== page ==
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Am J Physiol Heart Circ Physiol. 2004 Jul;287(1):H340-50.

New insights into the pathological role of TNF-alpha in early cardiac dysfunction and subsequent heart failure after infarction in rats.

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1
Université Joseph Fourier, Grenoble, France.

Abstract

A marked increase in plasma TNF-alpha has been described in patients with chronic heart failure (CHF). Nevertheless, little is known about the direct role of this cytokine early after myocardial infarction (MI) and its possible effects on the subsequent development of CHF. Wistar rats were subjected to permanent in vivo coronary artery ligation. At 5, 7, and 9 days after MI, cardiac function, passive compliance of the left ventricle (LV), and cardiac geometry were evaluated. The same model was used to perform pharmacological studies 7 days and 10 wk after MI in rats treated with monomeric recombinant human soluble TNF-alpha receptor type II (sTNF-RII, 40 microg/kg iv) or a placebo on day 3. Maximal alterations of cardiac function and geometry occurred 7 days after MI, which correlated chronologically with a peak of cardiac and serum TNF-alpha, as shown by immunohistochemistry and ELISA, respectively. sTNF-RII improved LV end-diastolic pressure under basal conditions and after volume overload 7 days and 10 wk after MI. Moreover, a significant leftward shift of the pressure-volume curve in the sTNF-RII-treated group 7 days after MI indicated a preservation of LV volume. Infarct expansion index was also significantly improved by sTNF-RII 7 days after MI (P < 0.01). Nevertheless, 10 wk after MI, geometric indexes and passive pressure-volume curves were not significantly improved by the treatment. In conclusion, TNF-alpha plays a major role in cardiac alterations 7 days after MI in rats and contributes to hemodynamic derangement, but not to cardiac remodeling, in subsequent CHF.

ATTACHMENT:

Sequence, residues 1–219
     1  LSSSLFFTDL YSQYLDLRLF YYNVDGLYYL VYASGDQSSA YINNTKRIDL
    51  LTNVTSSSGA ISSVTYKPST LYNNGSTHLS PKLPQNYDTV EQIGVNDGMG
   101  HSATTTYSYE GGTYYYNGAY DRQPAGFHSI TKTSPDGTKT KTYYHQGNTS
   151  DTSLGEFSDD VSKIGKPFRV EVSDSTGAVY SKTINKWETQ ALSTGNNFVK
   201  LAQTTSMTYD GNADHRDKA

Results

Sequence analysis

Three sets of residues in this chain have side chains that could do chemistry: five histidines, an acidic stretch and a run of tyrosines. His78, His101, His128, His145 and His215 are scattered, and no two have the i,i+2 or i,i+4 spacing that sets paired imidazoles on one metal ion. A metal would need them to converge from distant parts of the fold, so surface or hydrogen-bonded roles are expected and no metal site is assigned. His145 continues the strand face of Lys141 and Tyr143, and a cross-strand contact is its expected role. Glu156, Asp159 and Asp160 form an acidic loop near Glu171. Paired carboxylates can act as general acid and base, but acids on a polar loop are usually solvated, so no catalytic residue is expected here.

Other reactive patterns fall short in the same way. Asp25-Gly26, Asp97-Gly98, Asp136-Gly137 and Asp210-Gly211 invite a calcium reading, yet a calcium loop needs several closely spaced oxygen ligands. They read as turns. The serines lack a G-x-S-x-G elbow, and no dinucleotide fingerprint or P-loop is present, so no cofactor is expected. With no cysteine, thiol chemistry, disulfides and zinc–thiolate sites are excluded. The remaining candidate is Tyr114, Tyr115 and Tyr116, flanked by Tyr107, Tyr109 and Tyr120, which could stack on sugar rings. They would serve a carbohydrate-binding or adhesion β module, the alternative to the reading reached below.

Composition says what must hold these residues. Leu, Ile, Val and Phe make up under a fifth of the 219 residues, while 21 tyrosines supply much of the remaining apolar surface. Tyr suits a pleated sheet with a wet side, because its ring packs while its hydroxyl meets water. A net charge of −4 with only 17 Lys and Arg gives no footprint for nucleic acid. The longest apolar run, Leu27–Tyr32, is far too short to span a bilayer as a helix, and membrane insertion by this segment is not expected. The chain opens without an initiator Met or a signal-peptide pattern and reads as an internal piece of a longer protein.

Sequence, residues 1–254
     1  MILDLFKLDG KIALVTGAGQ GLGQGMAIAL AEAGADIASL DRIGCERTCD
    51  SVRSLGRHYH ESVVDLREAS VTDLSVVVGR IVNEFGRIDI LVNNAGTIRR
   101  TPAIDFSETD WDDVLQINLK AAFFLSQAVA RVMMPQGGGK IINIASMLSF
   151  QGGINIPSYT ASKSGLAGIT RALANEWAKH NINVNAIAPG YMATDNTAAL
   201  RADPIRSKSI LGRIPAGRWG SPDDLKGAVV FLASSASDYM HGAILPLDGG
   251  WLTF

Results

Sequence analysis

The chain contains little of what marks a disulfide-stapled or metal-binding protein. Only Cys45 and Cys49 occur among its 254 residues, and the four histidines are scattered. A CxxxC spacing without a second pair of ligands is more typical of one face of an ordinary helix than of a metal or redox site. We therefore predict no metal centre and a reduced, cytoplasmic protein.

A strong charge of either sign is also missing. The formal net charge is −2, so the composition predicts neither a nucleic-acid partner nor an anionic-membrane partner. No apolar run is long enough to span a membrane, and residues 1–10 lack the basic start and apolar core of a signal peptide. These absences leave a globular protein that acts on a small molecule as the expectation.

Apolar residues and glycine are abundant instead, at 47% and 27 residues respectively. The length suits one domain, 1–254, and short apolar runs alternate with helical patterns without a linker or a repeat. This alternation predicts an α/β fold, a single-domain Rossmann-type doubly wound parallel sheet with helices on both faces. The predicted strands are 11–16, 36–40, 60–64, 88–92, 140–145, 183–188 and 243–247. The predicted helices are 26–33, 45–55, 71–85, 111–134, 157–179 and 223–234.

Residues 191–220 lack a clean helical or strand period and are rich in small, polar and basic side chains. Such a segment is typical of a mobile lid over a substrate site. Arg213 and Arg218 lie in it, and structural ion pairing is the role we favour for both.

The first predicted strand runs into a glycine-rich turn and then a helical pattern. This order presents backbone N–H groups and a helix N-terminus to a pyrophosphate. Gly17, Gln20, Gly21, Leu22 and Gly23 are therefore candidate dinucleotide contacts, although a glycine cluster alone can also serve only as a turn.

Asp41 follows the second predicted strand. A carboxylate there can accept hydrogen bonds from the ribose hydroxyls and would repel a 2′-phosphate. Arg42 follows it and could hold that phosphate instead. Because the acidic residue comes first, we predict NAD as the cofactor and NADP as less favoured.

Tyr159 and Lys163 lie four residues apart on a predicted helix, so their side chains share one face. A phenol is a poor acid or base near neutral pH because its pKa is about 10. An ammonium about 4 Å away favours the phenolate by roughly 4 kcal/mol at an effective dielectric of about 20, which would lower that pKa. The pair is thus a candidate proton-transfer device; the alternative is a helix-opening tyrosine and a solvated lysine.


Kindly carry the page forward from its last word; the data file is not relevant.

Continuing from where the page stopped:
PMID:
15210453
DOI:
10.1152/ajpheart.01210.2003
[Indexed for MEDLINE]
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